THE CATHOLIC FAMILY LIFE SYMPOSIUM
The Catholic Family Life Symposium is high-level gathering of theologians, social-scientists, and pastoral ministry professionals.
WHEN & WHERE
July 18-21, 2019
McGrath Institute for Church Life on the campus of the University of Notre Dame
342 Geddes Hall, Notre Dame, IN 46556
Despite 2000 years of Catholic tradition, surprisingly little work has been done to explore both the unique character and contributions of the Catholic family.
Thanks to the groundbreaking work of Pope St. John Paul, who did more than any other person in Church history to develop a coherent theology of marriage and family life, and subsequent writings by Pope Benedict, Pope Francis, other theologians, we can begin to understand the unique role Catholic families are called to play in building the Kingdom of God. But many questions remain about the practical significance of these writings to the daily life of Catholic families.
The Catholic Family Life Symposium is a high-level, invitation-only gathering of about 30 professional theologians, social scientists, and pastoral ministry professionals, noted for their work and writings on family life. We will meet at the McGrath Institute for Church Life at the University of Notre Dame from Thursday July 18- Sunday July 21 to explore four key questions that cut to the heart of the unique role Catholic families play in building the Kingdom of God.
The Catholic Family Life Symposium will explore four critical questions about Catholic family life.
How are Catholic families called to be dynamically different from other families?
Recognizing the inherent diversity of Catholic households, are Catholic families, in general, called to live differently than families in the secular world or even families from other faith traditions? If so, what are the essential, practical differences that should distinguish Catholic families from their neighbors? How can Catholic families in all walks of life best experience and witness to “the Catholic difference” in the way they live and relate--both to each other and the world?
What does an authentic, domestic-church-based spirituality look like?
Most of what Catholics think of as “Catholic spirituality” is drawn from our clerical and monastic traditions. Because of this, many common Catholic spiritual practices do not fit naturally into the messy, busy, dynamics of family life. How often do Catholic parents complain, “I used to have a great prayer life before I got married and had kids.” What does an authentic, “home-grown” approach to Catholic spirituality look like? One that not only fits, but makes use of, the unique characteristics of family life. What spiritual practices are most able to help Catholic families encounter Christ as an active member of their households and experience the faith as the source of the warmth in their homes?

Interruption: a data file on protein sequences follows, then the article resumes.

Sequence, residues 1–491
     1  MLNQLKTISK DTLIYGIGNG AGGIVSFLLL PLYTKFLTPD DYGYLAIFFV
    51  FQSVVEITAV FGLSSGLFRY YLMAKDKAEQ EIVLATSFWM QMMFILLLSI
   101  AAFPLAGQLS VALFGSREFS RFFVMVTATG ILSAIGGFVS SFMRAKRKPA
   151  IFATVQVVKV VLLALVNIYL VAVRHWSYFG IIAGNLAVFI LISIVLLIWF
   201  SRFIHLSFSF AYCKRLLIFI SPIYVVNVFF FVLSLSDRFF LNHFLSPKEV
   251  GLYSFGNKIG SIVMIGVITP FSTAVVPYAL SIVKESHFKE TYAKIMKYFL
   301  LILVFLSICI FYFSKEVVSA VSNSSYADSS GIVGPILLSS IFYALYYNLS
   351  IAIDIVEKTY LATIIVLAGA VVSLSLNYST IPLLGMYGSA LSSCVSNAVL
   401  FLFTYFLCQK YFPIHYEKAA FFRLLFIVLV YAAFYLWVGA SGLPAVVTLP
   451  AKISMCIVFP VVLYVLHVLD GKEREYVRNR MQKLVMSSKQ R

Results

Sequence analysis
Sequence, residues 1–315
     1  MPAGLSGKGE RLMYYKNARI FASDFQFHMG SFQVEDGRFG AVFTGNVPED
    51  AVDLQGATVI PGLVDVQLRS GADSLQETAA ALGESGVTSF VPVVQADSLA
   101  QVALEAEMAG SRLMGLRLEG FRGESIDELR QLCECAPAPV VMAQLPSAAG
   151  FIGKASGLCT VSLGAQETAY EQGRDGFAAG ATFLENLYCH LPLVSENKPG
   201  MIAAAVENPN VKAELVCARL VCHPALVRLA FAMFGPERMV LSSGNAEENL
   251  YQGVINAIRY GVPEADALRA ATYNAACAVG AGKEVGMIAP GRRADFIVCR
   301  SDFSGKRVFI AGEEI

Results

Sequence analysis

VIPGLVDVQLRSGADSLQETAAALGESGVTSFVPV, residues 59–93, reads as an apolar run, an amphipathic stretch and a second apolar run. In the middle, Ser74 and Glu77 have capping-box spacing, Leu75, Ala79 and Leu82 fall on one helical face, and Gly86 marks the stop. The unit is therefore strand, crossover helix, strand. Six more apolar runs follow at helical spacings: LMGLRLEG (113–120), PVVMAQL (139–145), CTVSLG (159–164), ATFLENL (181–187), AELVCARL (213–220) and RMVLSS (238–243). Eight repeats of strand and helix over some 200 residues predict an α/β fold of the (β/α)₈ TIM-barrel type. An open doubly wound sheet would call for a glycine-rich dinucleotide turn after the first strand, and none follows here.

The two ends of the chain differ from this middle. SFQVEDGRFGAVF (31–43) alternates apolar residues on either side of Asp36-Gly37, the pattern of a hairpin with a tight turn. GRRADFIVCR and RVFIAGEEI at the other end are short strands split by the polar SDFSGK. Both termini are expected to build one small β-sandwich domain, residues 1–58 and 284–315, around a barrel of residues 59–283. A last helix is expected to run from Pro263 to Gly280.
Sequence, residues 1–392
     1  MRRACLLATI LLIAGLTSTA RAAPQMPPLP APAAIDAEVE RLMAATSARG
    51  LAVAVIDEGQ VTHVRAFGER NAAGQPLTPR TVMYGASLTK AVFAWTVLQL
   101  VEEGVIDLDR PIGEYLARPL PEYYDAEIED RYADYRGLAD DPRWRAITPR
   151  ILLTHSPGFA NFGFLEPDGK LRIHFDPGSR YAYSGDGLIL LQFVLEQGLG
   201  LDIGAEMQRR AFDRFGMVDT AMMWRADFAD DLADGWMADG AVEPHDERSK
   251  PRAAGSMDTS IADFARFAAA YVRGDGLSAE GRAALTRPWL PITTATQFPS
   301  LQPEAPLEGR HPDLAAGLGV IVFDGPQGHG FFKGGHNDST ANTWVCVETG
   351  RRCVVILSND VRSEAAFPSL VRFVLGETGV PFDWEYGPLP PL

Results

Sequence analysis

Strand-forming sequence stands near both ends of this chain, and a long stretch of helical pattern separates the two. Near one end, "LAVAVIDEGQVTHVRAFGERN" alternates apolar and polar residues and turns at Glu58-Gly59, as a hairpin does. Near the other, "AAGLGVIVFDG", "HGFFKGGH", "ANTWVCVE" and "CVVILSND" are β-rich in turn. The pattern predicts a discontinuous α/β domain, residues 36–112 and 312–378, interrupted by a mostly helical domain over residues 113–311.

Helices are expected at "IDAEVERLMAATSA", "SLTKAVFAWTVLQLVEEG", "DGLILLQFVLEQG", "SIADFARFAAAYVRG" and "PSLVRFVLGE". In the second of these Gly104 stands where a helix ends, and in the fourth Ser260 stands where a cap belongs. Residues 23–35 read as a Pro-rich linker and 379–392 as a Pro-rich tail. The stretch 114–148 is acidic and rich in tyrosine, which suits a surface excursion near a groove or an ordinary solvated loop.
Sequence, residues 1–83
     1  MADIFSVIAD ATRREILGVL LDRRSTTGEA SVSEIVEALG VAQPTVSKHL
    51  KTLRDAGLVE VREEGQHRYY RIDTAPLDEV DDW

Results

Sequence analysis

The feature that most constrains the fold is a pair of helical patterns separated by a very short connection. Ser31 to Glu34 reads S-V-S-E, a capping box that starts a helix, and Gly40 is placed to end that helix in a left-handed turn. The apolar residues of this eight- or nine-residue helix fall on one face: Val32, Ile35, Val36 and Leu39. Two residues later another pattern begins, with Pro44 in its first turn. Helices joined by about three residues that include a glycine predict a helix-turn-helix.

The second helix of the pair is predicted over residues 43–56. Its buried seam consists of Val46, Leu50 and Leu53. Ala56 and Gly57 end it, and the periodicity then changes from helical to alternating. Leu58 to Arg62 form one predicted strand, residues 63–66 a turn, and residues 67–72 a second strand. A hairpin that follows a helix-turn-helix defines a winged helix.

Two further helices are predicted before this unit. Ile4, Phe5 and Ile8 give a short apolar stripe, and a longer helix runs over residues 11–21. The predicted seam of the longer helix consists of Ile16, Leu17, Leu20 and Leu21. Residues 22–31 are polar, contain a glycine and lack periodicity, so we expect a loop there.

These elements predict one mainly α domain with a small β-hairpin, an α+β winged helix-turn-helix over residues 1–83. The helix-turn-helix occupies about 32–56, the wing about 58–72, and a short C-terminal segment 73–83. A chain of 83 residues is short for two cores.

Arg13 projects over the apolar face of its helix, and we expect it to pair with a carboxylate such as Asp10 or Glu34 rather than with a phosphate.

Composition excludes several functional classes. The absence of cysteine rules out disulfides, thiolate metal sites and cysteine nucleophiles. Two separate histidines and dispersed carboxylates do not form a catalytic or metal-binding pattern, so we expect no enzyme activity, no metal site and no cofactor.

How can Catholic families be more effective forges of intentional discipleship?
More than ever, young adults are leaving the church. Most of the Church’s evangelistic efforts are focused on reclaiming children who were raised in Catholic homes but have left the Church as adults. What can be done to help Catholic households be the primary place where intentional discipleship is practiced and intentional disciples are formed? How can Catholic families do a better job of raising up the next generation of faithful, engaged, dynamic Catholic men and women?
How can Catholic families take up take up the call to be outposts of evangelization and positive social change?
At best, the Church has viewed families as beneficiaries of pastoral services. At worst, families are often viewed as obstacles to effective ministry and faith-formation efforts. But writings on Catholic family life post-Vatican II call the Church to see families as partners in ministry. There are many people the institutional Church will never be able to reach directly. There are many social issues the institutional church simply cannot confront effectively on its own. How can Catholic families take up the call to become dynamic outposts of evangelization and positive social change?
It’s our hope that, upon its conclusion, the Symposium for Catholic Family Life will be able to achieve the following goals.
Provide recommendations to Catholic publishers, Church leaders, pastors, family life ministers, and parents on “best practices” for forming faithful families who can serve as partners in ministry.
Produce scholarly writing (journal articles, books) and popular works (popular books, articles, and programs) that will continue to explore the four questions addressed by the symposium.
Establish a Catholic Family Life Institute to continue the dialog about forming dynamic Catholic families and facilitate partnerships between different organization interested in supporting Catholic families in fulfilling their mission.
The Catholic Family Life Symposium is organized by the Pastoral Solutions Institute, and supported by the generosity of the OSV Institute, Holy Cross Family Ministries, and the McGrath Institute for Church Life at the University of Notre Dame.